Public funding of journalism would prove a slippery slope

Gary Gould — Managing Editor

Gary Gould — Managing Editor

(Editor’s note: This is a reprint from a 2009 article)

I read an opinion piece in a national newspaper which examined the idea of public funding for journalism.

At issue was the decline of American newspapers and broadcast news and the piece looked at the efforts of the Federal Communications Commission and the Federal Trade Commission to find ways to prevent a collapse of communication in this country which could deprive the American people of essential information.

I’ve seen the decline of the news industry first hand, as daily newspapers across the country have withered or completely died in recent years. While this has been devastating to journalists, it has also taken its toll on news and how its gathered and communicated to the public.

The article indicated there are only a handful of U.S journalists who now cover China — a region considered vital to the future economic growth of our nation.

The article goes on to talk about the idea of public funding for newspapers and television and whether such journalism can be trusted if it is state sponsored.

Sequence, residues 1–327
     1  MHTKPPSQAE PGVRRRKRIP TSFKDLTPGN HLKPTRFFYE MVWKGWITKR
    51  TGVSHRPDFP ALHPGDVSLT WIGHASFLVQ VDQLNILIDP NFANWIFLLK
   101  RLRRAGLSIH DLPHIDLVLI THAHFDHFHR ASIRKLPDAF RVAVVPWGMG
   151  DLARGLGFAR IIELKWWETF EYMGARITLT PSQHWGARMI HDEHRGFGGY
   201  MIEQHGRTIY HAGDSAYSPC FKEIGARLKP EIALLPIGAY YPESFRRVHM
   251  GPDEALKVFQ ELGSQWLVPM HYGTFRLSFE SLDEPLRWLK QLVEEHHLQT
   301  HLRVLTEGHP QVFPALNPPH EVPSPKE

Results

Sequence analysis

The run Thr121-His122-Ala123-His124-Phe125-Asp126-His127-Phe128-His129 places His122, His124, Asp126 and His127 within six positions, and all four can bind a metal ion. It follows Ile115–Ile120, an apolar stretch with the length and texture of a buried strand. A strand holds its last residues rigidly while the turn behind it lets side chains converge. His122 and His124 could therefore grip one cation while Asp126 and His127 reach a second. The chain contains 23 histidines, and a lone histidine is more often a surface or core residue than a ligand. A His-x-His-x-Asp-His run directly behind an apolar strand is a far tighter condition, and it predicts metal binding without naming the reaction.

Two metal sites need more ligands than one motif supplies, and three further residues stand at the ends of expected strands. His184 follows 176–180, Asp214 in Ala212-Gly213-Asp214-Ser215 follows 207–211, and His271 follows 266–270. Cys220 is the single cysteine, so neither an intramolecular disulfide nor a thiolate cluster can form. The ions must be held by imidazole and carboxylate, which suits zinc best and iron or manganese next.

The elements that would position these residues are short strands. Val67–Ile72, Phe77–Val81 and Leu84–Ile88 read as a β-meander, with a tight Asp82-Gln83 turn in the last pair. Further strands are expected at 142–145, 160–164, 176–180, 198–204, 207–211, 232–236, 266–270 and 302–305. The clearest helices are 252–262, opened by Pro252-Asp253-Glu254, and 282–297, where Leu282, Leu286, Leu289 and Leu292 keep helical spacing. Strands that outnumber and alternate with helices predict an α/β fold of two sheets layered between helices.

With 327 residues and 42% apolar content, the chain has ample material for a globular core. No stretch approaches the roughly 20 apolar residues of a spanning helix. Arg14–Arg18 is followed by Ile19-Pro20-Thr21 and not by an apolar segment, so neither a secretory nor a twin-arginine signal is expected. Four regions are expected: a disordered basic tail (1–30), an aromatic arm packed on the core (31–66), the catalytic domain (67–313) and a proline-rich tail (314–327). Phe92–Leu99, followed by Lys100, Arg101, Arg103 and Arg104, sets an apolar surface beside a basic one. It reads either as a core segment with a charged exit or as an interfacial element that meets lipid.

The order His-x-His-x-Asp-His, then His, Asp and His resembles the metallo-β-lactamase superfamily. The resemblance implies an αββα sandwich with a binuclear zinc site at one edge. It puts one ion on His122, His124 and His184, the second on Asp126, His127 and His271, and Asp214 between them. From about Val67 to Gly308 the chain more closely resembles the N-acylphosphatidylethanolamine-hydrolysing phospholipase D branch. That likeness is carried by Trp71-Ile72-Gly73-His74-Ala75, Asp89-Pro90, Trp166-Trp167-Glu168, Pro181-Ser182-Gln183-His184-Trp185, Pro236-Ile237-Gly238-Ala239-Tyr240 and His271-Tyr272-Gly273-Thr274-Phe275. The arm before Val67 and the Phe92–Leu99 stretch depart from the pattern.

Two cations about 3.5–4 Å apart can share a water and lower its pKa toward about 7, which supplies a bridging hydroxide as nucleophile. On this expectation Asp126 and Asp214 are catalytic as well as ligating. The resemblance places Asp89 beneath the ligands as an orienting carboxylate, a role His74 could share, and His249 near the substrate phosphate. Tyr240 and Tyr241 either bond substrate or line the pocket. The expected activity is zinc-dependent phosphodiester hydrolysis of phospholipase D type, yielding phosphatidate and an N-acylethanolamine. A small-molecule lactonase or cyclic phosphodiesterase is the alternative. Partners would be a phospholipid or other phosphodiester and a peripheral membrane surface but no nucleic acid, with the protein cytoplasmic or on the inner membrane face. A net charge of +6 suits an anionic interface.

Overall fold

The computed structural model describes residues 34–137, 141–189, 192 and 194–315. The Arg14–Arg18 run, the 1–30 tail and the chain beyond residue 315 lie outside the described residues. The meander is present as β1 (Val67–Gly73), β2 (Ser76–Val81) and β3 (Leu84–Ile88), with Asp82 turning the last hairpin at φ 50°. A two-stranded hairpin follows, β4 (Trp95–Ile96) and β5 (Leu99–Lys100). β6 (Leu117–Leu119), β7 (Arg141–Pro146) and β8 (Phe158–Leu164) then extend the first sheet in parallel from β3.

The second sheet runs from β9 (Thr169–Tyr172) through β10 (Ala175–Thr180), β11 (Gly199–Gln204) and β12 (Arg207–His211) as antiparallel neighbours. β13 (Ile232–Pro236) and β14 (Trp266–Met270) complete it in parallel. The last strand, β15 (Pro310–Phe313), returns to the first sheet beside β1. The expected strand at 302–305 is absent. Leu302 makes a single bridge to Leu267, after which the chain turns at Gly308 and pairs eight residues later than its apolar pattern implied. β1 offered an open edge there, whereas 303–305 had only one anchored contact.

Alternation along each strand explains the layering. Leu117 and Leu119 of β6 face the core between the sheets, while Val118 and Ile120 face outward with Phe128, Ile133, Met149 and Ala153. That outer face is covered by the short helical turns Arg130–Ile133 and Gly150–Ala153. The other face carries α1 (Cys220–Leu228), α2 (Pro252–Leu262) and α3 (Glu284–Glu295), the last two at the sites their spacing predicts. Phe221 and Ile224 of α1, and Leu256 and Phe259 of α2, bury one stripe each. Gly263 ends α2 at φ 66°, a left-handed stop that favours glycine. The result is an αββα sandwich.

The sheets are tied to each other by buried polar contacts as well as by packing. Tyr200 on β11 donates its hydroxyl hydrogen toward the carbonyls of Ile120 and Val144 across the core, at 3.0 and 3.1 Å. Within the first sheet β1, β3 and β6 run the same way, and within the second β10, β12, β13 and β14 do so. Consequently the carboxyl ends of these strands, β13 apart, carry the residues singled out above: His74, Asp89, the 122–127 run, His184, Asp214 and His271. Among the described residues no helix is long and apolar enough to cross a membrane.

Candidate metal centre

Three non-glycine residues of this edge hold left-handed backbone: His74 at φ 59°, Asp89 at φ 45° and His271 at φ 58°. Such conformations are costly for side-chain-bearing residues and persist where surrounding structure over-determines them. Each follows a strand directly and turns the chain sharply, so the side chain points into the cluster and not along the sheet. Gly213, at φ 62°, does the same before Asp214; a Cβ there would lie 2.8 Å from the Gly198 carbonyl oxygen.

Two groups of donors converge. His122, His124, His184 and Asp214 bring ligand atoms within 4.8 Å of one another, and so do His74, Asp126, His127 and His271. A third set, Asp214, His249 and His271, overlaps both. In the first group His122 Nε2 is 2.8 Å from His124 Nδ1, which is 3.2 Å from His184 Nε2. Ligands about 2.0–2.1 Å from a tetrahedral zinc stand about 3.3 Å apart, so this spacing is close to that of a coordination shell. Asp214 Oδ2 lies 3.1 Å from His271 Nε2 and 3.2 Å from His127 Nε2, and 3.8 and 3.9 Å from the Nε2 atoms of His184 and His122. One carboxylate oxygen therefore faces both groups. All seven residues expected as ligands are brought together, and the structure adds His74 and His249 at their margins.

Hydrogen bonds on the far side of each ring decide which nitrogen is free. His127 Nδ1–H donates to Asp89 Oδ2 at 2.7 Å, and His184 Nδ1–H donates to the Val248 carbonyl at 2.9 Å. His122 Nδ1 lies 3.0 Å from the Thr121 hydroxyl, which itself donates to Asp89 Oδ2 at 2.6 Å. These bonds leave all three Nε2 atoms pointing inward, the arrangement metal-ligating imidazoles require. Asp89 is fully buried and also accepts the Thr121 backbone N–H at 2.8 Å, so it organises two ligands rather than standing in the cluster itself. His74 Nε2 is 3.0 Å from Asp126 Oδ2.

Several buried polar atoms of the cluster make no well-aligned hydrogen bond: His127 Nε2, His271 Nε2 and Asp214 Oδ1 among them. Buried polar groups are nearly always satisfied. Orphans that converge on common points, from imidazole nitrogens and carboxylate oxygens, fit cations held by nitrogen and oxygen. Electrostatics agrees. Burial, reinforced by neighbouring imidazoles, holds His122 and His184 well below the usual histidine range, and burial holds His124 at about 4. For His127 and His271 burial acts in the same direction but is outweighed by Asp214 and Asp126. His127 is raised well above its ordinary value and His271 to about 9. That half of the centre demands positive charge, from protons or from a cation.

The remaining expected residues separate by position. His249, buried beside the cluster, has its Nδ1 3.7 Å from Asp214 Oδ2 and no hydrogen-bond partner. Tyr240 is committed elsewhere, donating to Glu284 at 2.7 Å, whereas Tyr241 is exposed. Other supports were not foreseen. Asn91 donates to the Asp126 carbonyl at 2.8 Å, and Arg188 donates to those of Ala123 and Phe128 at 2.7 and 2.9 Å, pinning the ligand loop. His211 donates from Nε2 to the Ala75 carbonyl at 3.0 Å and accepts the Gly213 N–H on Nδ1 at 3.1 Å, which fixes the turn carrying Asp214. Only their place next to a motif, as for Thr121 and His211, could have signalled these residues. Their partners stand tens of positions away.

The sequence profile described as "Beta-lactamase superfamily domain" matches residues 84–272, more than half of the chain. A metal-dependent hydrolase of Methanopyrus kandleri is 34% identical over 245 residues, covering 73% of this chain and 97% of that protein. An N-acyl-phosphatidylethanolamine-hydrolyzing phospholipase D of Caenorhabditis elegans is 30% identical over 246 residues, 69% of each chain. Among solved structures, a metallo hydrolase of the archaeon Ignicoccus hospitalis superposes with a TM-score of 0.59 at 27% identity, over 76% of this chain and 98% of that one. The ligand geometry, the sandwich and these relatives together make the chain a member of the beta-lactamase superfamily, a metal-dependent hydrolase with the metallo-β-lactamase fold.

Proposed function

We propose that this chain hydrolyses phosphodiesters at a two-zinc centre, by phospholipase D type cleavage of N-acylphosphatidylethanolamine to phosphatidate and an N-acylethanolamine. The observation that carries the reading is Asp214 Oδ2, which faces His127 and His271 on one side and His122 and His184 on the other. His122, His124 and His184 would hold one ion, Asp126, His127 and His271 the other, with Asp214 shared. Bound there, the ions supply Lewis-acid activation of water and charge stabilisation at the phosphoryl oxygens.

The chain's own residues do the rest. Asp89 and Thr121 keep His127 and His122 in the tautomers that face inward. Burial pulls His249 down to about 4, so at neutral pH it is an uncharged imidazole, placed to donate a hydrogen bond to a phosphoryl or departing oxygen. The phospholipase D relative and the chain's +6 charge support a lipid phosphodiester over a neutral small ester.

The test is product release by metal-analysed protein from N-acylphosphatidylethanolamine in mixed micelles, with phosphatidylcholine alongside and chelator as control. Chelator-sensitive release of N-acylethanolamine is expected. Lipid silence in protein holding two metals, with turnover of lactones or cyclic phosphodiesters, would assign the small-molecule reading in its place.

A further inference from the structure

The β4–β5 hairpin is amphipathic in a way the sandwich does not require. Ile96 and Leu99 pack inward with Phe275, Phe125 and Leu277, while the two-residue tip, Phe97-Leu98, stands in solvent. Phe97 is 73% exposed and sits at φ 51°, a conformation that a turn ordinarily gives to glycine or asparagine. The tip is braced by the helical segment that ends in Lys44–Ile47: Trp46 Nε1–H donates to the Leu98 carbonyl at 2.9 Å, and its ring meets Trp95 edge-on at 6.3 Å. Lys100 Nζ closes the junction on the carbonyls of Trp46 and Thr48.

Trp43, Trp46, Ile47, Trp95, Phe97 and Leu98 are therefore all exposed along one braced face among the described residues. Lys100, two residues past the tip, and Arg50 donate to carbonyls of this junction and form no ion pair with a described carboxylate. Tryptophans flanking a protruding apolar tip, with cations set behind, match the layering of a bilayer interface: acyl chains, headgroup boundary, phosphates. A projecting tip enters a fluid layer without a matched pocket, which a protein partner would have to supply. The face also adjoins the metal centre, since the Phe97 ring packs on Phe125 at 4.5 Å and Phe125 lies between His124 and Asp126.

My initial feeling is no, it cannot be trusted because the press is there to keep government in check.

If the press ends up relying on that same government to support it financially, I can already see potential conflicts.

Like the art exhibit funded with public money that displays work considered morally offensive and is subsequently shut down by politicians who say it is an improper use of taxpayer dollars. What happens when the press run with a story considered “immoral” by politicians, or a story exposing some sort of government impropriety — is that same government going to step in and censor that story?

I would also be concerned with special interest groups supporting the press because again, there is no guarantee the funding wouldn’t come with strings attached. So do we let newspapers and television outlets die, or should the freedom of the press be sacrificed?

The article concluded it may be possible through “a carefully designed system with peer review of grant-making, a strong culture of independence, and the protections afforded by the First Amendment” to allow for some form of public subsidy of the American media.

It apparently works with public funding of universities and research, but I fear the government’s desire to control the information that’s out there might be too great a temptation for some politicians and special interests to keep their hands off a free press.

The public subsidy of the American press is something I’d never thought about before and it’s an idea I’d certainly like to hear more about.

I’m all for saving newspapers from their continuing economic slide, but as watchdogs we’ve all got to be aware the solution to the decline of newspapers may come at too hefty a price.

Gary Gould is the Managing Editor. Contact him at 810-452-2650 or by email at

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